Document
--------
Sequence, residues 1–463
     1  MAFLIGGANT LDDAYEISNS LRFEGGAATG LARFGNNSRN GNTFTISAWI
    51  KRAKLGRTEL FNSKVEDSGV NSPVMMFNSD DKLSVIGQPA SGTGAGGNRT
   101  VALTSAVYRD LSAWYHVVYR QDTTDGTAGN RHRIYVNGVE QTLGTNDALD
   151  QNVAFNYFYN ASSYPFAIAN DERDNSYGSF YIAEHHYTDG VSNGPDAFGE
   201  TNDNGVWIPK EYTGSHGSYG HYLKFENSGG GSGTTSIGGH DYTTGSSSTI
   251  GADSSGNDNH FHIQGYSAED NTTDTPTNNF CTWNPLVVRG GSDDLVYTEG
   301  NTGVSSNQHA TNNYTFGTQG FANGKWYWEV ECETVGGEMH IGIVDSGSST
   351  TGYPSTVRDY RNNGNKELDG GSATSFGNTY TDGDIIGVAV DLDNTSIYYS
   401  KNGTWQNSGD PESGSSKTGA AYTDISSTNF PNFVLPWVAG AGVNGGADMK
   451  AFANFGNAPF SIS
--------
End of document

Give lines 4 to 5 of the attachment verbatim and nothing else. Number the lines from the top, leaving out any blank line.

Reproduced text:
   101  VALTSAVYRD LSAWYHVVYR QDTTDGTAGN RHRIYVNGVE QTLGTNDALD
   151  QNVAFNYFYN ASSYPFAIAN DERDNSYGSF YIAEHHYTDG VSNGPDAFGE